A Hágában ülésező Sierra Leonei Különleges Bíróság mind a 11 vádpontban bűnösnek találta Charlesa Taylor volt libériai államfőt (korábban itt írtam). Egyelőre csak az ítélet 44 oldalas összefoglalója olvasható. A büntetéskiszabásra május elején fog sor kerülni.
Schabas professzor egy érdekes blog bejegyzésben reflektál az ítéletre. Néhány részlet:
“What emerges from the judgment of 26 April 2012 is a more modest vision of Taylor’s involvement in the Sierra Leone conflict. He was assisting combatant factions in full knowledge that they were perpetrating atrocities”.
“The conclusion of the Trial Chamber in Charles Taylor seems based on uncontroversial principles. He or she who provides significant assistance to a participant in a conflict knowing that the participant is perpetrating atrocities against civilians is guilty of aiding and abetting such crimes. This is straightforward. And it leads in an interesting direction.
Atrocities were perpetrated on all sides in the Sierra Leone conflict. This emerges from the case law of the Special Court, as well as from the Report of the Truth and Reconciliation Commission. It was notorious at the time, in 1998 and 1999. So what are we to make of those who supported the other side in the conflict? For example, the Blair government and the United Kingdom provided assistance and support to the pro-government forces. The pro-government forces had their own sinister militias, involved in rapes, recruitment of child soldiers, amputations, cannibalism and other atrocities. Two of those involved were convicted by the Court and a third, who was a minister in the government supported by the UK, died before the trial completed. What is the difference between Blair and Taylor in this respect?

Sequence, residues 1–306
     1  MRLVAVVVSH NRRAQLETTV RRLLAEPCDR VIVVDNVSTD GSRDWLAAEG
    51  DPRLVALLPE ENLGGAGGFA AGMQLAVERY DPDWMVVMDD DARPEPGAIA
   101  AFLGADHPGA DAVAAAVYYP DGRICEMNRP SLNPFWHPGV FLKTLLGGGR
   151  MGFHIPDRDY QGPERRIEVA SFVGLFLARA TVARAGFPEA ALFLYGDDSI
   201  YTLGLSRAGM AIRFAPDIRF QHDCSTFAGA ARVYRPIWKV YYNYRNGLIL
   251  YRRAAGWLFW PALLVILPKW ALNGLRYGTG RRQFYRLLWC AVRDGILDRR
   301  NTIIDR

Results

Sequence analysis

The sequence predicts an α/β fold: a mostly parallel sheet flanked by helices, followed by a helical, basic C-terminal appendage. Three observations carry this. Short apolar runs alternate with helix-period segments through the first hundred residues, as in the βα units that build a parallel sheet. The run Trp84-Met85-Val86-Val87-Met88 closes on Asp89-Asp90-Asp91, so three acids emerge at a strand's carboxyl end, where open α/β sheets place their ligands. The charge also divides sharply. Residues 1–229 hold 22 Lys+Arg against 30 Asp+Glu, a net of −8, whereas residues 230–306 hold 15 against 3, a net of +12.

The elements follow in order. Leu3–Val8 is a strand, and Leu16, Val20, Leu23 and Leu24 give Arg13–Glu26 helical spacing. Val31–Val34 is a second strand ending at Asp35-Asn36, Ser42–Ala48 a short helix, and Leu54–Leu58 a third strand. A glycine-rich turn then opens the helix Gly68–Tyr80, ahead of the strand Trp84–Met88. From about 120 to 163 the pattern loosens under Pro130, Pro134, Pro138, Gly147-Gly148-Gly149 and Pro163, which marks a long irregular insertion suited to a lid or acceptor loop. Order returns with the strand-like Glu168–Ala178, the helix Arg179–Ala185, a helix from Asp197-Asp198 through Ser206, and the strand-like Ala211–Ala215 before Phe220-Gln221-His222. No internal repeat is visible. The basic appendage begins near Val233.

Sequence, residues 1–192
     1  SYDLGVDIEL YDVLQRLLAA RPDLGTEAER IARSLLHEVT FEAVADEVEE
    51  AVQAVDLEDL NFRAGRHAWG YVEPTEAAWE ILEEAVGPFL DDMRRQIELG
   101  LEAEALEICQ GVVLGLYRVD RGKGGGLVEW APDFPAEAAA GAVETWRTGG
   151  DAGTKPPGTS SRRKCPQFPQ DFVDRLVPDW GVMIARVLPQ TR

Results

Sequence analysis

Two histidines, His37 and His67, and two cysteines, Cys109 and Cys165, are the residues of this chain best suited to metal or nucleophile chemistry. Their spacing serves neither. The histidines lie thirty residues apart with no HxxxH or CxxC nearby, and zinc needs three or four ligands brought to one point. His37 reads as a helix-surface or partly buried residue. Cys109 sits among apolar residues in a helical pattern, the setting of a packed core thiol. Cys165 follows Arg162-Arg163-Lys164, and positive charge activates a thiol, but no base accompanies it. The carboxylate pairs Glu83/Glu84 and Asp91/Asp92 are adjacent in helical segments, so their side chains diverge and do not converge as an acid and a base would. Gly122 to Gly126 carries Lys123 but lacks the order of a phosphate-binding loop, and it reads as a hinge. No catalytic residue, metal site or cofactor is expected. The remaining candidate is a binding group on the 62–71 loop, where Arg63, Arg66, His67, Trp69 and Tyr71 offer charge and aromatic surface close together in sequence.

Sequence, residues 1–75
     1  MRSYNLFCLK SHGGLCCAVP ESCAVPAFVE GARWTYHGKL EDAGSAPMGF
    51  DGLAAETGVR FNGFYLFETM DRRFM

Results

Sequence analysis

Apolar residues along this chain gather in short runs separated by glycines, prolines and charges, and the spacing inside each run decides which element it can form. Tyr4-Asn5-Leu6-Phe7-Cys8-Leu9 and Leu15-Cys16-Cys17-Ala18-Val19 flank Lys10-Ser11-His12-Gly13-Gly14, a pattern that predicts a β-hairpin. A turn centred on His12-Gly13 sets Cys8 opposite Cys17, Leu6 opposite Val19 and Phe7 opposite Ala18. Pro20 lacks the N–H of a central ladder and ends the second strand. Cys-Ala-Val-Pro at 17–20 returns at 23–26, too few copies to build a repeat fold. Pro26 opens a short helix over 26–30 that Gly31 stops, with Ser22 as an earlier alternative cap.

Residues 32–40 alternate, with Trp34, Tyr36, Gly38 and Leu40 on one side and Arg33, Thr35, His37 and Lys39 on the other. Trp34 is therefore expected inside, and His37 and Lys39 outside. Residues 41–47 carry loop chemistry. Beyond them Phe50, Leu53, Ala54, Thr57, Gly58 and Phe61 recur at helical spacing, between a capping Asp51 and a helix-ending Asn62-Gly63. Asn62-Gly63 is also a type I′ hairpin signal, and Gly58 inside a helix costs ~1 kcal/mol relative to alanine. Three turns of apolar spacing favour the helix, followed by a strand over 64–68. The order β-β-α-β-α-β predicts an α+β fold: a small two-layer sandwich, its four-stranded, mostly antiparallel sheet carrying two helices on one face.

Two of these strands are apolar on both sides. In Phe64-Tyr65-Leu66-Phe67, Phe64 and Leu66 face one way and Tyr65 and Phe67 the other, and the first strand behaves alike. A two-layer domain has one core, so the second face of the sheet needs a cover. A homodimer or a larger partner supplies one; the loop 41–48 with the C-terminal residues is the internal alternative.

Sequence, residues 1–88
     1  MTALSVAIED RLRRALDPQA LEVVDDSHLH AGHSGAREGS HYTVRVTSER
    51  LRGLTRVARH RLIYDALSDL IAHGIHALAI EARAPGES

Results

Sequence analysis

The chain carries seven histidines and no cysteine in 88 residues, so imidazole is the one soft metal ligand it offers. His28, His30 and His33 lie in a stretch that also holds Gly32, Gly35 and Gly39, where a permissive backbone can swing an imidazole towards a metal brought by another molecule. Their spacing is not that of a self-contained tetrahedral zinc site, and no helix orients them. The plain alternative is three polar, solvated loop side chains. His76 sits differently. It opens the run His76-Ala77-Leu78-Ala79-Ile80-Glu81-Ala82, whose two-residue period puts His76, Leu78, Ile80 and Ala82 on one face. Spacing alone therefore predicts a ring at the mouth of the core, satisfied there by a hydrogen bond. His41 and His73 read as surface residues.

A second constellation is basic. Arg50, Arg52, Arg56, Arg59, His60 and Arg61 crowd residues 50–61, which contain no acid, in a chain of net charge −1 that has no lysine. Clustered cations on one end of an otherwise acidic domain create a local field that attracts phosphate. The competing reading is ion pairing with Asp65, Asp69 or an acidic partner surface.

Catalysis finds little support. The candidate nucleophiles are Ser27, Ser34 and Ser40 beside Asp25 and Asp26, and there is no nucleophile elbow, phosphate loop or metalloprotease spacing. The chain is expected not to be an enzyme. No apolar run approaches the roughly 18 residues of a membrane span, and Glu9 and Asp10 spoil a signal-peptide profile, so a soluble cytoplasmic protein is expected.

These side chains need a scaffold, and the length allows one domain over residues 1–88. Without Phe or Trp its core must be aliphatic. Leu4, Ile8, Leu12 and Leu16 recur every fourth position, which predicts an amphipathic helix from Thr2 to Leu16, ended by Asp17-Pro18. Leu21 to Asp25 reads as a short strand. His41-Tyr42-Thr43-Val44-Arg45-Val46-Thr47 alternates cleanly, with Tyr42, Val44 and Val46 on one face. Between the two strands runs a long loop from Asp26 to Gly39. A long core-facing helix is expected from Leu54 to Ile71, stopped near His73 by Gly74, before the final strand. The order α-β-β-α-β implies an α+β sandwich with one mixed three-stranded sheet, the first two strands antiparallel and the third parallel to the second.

Moving beyond Sierra Leone, can we not blame the French government for aiding and abetting genocide, given its support for the racist Rwandan regime in 1993 and 1994? The crimes of the regime were well-publicised, not only by an NGO commission of inquiry but also by Special Rapporteurs of the United Nations. And yet the French continued to provide assistance, in personnel, arms and ammunition, to the Habyarimana regime.
What about those who supported the various sides in the war in Bosnia? Or in Sri Lanka? Are American officials who backed Saddam Hussein when he perpetrated atrocities in Iran during the 1980s also guilty of aiding and abetting in war crimes and crimes against humanity? What of those western states that continued to bolster the apartheid regime in South Africa during the 1970s and 1980s, when they were fully aware of the racist system that has been characterised as a crime against humanity.
It takes little imagination to appreciate the ramifications of the conviction of Charles Taylor for aiding and abetting”.